# What is Random

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random is a term used to describe the process of generate data with no correlation.

Random number generation is used around many users cases over computers such as:

• Pick a random item from an array.
• Generate unique keys from an API.
• Create the key exchange between an HTTPS connection.

As you can see, all these examples use a random factor, but they are different. Also computationally they are different so, how to?

Like most of the things in life, it depends.

## Types of “random”

We can distinguish at least three types of random data generators. These depends on our use case: Generally a high entropy process take more time (or 💰), but not always you need it.

### Truly Random

The ideal case. True randomness, to which no pattern or algorithm applies. It’s debatable whether this really exists.

To have any hope of producing truly random data, you must reach outside the computer and sample the analog world. This means use specific hardware for this purpose as well.

At Cloudflare they use a wall of lava light to generate enough entropy to encrypt the requests.

### Pseudo Random

Also known as Pseudo-Random Number Generators (PRNGs).

As the name suggest, is very close to truly random numbers generators, but the output is generated using a finite set of numbers:

• The current process ID.
• The tick count since boot time.
• How many time takes an `npm install`.

They are deterministic because they use an algorithm or a mathematical formulae for be calculated but, on the other hand, they are sufficiently random for practical purposes and they make the process more efficient.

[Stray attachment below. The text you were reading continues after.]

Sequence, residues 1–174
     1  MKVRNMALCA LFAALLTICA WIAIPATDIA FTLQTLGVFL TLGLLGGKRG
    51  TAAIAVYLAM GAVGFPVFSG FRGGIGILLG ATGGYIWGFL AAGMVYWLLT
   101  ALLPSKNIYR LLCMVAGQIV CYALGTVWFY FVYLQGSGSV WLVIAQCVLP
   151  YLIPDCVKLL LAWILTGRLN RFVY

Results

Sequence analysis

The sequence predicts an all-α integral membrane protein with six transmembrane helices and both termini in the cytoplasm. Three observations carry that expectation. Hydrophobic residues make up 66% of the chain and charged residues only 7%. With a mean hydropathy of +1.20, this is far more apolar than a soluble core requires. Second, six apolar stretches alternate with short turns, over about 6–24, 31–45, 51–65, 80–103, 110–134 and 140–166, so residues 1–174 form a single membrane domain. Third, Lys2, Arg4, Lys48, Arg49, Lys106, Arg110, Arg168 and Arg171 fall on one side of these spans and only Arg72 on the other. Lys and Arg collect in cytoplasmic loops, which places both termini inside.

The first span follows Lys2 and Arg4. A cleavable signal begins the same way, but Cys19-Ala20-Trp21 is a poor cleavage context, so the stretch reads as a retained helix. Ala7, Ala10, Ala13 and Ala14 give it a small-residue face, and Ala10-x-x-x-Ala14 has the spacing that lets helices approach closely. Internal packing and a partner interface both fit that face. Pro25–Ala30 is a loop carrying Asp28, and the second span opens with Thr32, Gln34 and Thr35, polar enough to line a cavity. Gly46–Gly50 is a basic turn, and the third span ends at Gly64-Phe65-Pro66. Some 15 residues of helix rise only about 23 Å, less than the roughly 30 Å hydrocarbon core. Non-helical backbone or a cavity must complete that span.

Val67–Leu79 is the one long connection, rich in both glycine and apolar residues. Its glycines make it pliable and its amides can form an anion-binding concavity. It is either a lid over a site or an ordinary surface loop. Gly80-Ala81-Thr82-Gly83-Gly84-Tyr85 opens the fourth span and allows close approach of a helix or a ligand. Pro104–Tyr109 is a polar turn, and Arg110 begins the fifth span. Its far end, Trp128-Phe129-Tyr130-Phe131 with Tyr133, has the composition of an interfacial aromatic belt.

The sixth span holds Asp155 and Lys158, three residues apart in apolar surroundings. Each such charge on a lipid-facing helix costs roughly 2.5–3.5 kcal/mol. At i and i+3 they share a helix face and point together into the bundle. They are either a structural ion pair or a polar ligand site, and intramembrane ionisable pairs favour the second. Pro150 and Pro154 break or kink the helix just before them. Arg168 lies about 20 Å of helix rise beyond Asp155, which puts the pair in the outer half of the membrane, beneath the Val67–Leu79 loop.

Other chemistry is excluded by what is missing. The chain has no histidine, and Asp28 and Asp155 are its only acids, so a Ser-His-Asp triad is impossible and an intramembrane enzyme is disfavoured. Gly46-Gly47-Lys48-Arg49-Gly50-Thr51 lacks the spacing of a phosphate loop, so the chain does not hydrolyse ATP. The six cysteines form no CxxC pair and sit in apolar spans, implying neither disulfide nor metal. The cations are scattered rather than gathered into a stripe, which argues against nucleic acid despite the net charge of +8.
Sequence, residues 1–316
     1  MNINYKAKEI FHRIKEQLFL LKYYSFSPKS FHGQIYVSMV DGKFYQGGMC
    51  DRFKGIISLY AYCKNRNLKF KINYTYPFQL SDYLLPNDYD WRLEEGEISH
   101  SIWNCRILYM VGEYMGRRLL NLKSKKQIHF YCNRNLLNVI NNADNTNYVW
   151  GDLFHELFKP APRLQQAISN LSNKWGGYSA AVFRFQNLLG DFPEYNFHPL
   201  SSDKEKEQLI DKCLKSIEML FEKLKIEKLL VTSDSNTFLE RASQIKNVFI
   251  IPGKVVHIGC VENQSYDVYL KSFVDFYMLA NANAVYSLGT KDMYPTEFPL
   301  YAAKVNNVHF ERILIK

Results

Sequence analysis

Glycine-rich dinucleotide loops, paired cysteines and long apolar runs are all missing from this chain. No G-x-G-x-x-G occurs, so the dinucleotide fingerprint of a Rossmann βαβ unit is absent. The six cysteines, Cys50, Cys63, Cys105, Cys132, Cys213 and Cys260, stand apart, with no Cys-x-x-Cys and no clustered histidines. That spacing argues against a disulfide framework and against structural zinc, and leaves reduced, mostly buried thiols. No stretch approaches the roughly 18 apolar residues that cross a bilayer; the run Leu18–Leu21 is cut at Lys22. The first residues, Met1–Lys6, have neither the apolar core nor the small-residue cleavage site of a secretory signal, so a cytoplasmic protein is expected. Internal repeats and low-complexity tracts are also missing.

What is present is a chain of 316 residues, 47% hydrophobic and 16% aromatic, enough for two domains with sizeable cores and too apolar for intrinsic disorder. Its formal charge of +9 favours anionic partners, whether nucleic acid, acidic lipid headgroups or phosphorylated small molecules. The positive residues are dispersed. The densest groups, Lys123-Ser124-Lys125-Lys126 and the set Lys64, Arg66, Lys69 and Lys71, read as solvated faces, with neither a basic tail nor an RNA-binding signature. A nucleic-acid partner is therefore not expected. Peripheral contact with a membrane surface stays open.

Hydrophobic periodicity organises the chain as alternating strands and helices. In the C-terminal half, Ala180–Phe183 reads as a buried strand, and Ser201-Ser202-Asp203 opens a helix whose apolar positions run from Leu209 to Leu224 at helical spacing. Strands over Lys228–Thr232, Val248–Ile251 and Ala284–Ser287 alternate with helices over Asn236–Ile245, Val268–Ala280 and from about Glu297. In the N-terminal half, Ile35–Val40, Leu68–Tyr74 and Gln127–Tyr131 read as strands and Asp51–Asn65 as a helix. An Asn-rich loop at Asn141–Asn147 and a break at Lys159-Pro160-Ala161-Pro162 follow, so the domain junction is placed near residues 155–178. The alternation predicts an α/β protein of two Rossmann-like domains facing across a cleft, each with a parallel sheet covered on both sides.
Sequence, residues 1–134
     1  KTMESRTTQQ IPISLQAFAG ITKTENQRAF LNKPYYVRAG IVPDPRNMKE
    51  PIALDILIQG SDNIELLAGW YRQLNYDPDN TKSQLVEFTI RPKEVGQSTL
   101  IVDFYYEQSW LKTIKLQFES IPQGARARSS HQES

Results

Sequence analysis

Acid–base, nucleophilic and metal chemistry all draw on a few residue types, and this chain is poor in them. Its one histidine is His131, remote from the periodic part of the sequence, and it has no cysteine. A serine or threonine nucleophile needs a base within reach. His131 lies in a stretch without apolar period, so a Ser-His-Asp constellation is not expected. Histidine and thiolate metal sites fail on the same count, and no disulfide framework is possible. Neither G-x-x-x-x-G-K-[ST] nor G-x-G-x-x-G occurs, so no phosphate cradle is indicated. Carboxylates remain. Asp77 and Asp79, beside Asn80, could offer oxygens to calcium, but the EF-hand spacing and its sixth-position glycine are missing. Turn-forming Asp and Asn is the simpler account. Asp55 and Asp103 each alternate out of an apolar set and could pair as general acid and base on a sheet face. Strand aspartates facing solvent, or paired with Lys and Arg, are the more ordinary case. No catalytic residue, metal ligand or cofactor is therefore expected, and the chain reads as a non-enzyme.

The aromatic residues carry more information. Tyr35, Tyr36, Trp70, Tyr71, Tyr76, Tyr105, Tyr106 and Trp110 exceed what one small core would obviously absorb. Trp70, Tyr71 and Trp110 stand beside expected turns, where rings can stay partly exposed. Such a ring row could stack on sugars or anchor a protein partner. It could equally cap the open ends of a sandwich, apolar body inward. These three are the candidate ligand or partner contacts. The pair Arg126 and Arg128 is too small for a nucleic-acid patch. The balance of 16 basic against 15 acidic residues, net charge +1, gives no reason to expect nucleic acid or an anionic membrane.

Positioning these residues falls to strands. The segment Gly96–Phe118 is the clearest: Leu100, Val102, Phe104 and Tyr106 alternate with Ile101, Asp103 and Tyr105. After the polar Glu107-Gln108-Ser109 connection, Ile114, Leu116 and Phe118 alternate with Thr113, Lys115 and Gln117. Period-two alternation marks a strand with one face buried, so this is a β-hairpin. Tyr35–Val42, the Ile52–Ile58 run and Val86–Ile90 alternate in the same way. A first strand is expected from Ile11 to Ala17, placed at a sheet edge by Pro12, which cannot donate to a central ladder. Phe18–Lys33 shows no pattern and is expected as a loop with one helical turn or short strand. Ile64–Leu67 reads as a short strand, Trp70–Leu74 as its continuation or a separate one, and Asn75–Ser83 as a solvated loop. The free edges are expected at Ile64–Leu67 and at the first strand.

`Math.random` is an example of a way to get a pseudo-random number between `0` and `1`.

In cryptographically terms, `Math.random` doest not provide a secure random number. This means, probably you can use it to pick a random element from an array, but because the implementation is not robust enough, it doesn’t have the characteristics to be considered cryptographically secured.

A subsection inside PRNGs are Cryptographically Secure Pseudo-Random Number Generator (CSPRNG).

Every random value that you need for security-related purposes (ie. anything where the possibility of an “attack” exists), should be generated using a CSPRNG. This includes:

• Lottery numbers.
• API keys.

Theses examples are very close with nonce concept.

## From the code side

In Node.js, the most widely available CSPRNG is the crypto.randomBytes:

const crypto = require('crypto') const {promisify} = require('util') const randomBytes = promisify(crypto.randomBytes) ;(async () => { const buffer = await randomBytes(256) console.log(`\${buffer.length} bytes of random data`) console.log(buffer.toString('hex')) })()

The code above generates raw pseudo random data.

You need to be careful transforming the data because wrong data manipulation will modify how random it is.

If you need specific random output for your user case, I recommend you use the following libraries:

• random-number-csprng – Get a secure random number between a range.
• uuid – Universally unique identifier, supporting multiple versions.
• nanoid – A tiny, secure URL-friendly unique string ID generator for JavaScript. The world is random. Computers aren’t.

## Bibliography Kiko Beats